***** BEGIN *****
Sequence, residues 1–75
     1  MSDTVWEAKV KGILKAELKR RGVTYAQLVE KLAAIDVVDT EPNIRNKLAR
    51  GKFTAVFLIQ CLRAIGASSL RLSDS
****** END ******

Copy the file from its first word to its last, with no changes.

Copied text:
Sequence, residues 1–75
     1  MSDTVWEAKV KGILKAELKR RGVTYAQLVE KLAAIDVVDT EPNIRNKLAR
    51  GKFTAVFLIQ CLRAIGASSL RLSDS